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Breaking it Down – The Importance of Sample Digestion in Analytical Chemistry

Chemical analysis is undertaken to understand the composition of a sample, and is critical in a wide variety of industries, from food manufacturing to pharmaceuticals. A common method employed is known as the Kjeldahl method, which can quantitatively determine the level of nitrogen within organic samples.

However, a wide variety of systems (including Optical Emission Spectrometers and Mass Spectrometers) require samples be in a compatible format for analysis. Sample digestion is a critical step in the process of forming a homogenous solution.

Back to basics of Sample Preparation

The simple answer to what digestion is the decomposition of a solid sample to a liquid state, which can employ the use of a variety of reagents ranging from strong acids, alkalis, or enzymes. By raising the temperature of this solution to above boiling, the process of dissolution can be greatly sped up.

A huge variety of materials are routinely prepared for elemental analysis through acid digestion. Pharmaceuticals, cosmetics, food products, metals, and biological matter… just to name a few!

The primary benefit of sample digestion is that the resultant solution is representative of the original material, in a format processable by a variety of analytical instruments and eliminating complex matrix events. The main downside is that understanding of relevant dissolution chemistry is relatively poor, which can lead to poor sample dissolution efficiency.

Ultimately when it comes to sample digestion you want to maximise acceleration of the process and sample homogeneity, which will lead to an increase in operational throughput and cost-efficiency!

Automatic vs Semi-Automatic – Which is right for me?

At A1 Envirosciences we offer the VELP Scientifica range of digestors, the DK semi-automatic series and the DKL fully automated models. They both come in a variety of capacities, for increasing the number of processed samples simultaneously and for different sizes of test tubes.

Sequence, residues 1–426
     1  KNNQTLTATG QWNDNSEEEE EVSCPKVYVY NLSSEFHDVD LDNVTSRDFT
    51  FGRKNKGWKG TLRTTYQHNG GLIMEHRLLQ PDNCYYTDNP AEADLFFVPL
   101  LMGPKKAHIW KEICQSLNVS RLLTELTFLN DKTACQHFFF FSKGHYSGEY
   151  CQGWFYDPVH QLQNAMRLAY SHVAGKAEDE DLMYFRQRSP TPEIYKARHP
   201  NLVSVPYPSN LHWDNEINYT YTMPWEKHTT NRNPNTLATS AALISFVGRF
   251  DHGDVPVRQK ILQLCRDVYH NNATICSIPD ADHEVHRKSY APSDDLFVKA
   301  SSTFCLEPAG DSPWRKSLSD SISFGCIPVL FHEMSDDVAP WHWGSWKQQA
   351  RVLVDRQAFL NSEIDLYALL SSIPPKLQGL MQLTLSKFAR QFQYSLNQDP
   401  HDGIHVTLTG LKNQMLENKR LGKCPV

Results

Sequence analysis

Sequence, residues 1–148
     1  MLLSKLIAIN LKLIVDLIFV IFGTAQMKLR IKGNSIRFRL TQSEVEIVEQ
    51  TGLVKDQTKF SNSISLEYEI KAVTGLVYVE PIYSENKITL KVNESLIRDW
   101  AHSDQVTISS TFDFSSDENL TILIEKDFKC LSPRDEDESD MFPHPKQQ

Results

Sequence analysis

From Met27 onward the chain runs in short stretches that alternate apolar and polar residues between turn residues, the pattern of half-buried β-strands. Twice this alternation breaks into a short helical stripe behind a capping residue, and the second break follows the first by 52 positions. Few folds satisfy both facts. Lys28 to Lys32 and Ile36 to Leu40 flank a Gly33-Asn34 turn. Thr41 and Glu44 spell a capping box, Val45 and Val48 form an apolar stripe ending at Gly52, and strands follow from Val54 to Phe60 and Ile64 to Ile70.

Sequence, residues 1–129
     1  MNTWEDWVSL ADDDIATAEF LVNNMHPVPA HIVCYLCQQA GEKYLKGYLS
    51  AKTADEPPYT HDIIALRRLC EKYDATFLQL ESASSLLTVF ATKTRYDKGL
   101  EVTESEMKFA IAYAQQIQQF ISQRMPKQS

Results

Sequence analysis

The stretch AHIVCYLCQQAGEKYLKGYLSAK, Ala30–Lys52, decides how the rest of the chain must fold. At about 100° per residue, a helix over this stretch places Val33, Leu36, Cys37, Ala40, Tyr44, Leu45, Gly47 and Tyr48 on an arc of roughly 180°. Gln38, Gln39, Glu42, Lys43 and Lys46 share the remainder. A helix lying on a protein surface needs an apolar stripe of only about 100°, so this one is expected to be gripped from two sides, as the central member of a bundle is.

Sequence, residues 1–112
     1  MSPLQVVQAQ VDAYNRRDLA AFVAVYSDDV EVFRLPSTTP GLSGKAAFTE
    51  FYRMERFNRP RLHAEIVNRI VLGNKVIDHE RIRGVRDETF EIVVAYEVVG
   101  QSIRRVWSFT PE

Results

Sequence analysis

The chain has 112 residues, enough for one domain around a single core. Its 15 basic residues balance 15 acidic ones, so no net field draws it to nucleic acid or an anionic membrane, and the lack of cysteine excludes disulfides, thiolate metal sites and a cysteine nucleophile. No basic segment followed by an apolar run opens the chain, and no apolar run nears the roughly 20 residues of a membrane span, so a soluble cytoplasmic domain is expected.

The basic procedure and benefits, including rapid heating aluminium block and reduced energy consumption compared to microwave digestor units, are the same for both the DK and DKL models. The main difference, is that the DKL series can be pre-set with up to 54 programmes (30 pre-set, 24 customisable), allowing for operator-free digestion. It truly is a case of hitting ‘START’ and going to make a cuppa. That, or spending your time more efficiently within the lab with alternate analysis (operator’s choice!)

Conclusion

Until chemical analytical instrumentation develops to the point where solid samples can be immediately added, liquified and analysed, digestion will continue to play a necessary role in sample preparation. What’s important is that if sample digestion is required in your lab, that you invest in a quality and efficient system. That will leave you time to focus on your remaining lab work and critical tea brewing opportunities.

If you are interested in investing a high-quality semi/fully automatic digestor unit, ring us on 0845 873 8181 or get in touch with us by email!

UK/Ireland: sales@a1-envirosciences.co.uk